Open Banking Can Help Banks Beat Fraudsters, GIACT Says

Caitlin Sinclair, director of proposition development, financial crime at GIACT, an LSEG business, recently told PYMNTS that open banking can — and will — give rise to empowered consumers, and take the tedium out of online commerce.

We’ve gone from an environment where one carried physical documents (passports and driver’s licenses) to digital copies of those documents stored online. Passwords have been a hallmark for decades but are of course vulnerable to hackers.

At the moment, as digital transactions and interactions are conducted through Web2, identities are somewhat centralized, among larger enterprises, the marquee names of Big Tech and a variety of government agencies.

Open banking, Sinclair said, can help decentralize those identities, in effect creating a “data store” that is stocked with information about individuals and businesses, diversifying the range of data points that can leveraged to verify identities when conducting online commerce.

And, as she added, the system relies on what she termed the “robust security” that financial institutions already have in place. That enhanced security comes as individuals can use biometric verification or knowledge verification, along with permissioned data to foster trust among stakeholders. Open banking, she said, can be complemented by database identity verification (through providers including GIACT) that check information across a number of sources.

“For businesses that are integrating open banking,” she said, “there’s reliability in the data that they are receiving — because they know it’s been through all of these checks and balances.” Looking ahead, as open banking gains ground across the world, users will be empowered as they have control over where data goes and how it is used.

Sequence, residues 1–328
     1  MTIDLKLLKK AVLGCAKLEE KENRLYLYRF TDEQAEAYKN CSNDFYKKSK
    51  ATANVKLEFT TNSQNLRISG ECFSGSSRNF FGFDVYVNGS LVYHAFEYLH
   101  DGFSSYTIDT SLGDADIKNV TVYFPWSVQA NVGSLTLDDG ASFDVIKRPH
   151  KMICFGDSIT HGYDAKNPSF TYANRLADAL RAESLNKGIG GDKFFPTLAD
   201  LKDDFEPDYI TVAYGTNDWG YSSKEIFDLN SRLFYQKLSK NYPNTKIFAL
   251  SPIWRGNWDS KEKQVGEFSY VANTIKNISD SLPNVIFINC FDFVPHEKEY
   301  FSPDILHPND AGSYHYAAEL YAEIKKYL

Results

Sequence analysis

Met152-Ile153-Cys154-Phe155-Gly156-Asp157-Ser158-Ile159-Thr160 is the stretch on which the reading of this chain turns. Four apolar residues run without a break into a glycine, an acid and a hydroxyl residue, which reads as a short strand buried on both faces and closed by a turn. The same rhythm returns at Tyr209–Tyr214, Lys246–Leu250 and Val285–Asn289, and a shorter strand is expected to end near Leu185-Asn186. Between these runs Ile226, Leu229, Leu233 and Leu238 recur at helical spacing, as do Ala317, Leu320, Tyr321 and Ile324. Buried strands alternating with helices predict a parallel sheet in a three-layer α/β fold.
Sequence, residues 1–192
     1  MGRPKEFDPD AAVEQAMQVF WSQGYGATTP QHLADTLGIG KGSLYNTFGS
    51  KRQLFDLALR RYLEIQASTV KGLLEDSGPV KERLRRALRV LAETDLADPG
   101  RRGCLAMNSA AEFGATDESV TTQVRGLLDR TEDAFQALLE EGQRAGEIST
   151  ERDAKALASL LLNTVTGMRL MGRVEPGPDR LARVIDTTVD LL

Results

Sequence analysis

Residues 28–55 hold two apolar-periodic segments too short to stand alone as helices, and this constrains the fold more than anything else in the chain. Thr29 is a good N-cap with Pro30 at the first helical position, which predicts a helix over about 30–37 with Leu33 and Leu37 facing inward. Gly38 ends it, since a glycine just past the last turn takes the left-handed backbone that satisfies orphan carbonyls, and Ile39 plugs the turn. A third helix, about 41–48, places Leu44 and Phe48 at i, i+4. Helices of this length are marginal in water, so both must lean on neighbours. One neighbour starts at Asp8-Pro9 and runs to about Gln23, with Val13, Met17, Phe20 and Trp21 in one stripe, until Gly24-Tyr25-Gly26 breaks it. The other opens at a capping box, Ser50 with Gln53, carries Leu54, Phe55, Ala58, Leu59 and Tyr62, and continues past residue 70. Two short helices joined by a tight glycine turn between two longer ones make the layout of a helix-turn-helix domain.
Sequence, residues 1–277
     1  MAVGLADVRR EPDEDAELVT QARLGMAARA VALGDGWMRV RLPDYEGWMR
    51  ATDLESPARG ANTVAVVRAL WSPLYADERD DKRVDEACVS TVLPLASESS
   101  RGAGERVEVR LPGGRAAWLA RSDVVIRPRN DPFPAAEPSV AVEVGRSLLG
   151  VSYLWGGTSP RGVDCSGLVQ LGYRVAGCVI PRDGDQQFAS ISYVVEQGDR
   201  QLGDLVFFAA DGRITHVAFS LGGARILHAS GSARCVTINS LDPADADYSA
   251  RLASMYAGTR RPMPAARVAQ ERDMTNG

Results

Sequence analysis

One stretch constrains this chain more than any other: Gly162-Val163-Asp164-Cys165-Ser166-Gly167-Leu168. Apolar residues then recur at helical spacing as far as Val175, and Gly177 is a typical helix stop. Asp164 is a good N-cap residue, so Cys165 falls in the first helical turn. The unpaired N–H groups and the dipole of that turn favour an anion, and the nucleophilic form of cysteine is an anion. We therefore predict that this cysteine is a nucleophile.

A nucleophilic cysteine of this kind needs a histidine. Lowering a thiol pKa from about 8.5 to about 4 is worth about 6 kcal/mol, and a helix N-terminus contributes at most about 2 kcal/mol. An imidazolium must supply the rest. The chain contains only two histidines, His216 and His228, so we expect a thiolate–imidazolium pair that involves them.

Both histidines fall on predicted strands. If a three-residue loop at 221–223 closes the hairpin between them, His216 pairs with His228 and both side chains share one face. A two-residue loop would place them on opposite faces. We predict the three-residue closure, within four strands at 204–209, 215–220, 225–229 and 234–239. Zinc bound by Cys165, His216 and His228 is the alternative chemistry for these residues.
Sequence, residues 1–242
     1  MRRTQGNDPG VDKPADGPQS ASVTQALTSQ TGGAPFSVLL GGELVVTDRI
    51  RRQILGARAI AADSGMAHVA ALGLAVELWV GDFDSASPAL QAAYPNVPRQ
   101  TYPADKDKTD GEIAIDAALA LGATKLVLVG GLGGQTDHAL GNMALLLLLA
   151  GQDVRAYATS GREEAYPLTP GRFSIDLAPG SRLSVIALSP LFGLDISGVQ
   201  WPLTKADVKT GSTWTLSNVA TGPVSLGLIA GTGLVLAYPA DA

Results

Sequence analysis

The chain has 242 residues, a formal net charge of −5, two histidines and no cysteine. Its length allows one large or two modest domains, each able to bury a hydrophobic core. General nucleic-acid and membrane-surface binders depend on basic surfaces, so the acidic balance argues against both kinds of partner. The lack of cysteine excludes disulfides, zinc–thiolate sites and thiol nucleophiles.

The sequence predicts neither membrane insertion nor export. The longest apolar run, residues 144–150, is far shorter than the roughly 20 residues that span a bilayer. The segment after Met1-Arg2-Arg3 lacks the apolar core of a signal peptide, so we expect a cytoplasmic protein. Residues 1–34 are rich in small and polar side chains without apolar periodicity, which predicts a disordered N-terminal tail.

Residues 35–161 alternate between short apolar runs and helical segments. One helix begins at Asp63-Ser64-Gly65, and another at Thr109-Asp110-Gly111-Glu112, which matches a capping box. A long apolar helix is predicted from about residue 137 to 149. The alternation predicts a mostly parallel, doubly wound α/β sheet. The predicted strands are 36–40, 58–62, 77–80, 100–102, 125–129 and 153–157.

The additional reassurance and empowerment are welcome in an age where online fraud is a significant challenge no matter where one looks. When it comes to online transactions, she said, there are multiple points of failure — and any number of moments of vulnerability that are ripe for exploitation as criminals impersonate legitimate individuals and entities. For example, as much as 40% of the emergency loans disbursed by agencies (by some estimates) during the pandemic went to bad actors.

That scale of fraud, said Sinclair, “highlights the need to triangulate identities online so that you are dealing with someone who is who they say they are.”  

As we move toward Web3, she said, decentralized identities will take root, replacing the pain points that have been extant even with digital document verification. Scanning one’s passport, for example, requires a number of technologies to run in the background — the goal is security, but the failure rates are high and the user experience is less than ideal.

Appropriate Friction

Digital databases and verification, she said, are more adept at introducing the appropriate level of friction into the mix, depending on the use case. The right information is presented to the right parties at the right time, Sinclair noted. The user who’s taking out a loan or a mortgage may need more friction and stepped-up authentication than might be seen with lower-dollar (and perhaps more frequent) transactions. Emerging technologies such as tokenization, which has encrypted verification built in, can be a strong candidate for digital verification.  

No matter the methods, she said, the goal is to abstract away the tedium that’s become so ingrained in online interactions — entering email addresses and other identifiers that take time and effort. Micro-deposits take time to settle and verify account ownership — hindering the speed of a desired transaction.

“I hope that soon those [methods] will be things of the past,” she told PYMNTS. To help hasten that progress, GIACT recently struck a pact with Mastercard to offer customers secure account verification. 

The joint efforts use a multi-method approach to verify account information for over 95% of U.S. deposit accounts.

The verification processes, she said, “take away from the dreaded re-keying of information.” And in the years to come, she added, “open banking will be one of the stepping stones to move toward a more decentralized identity.”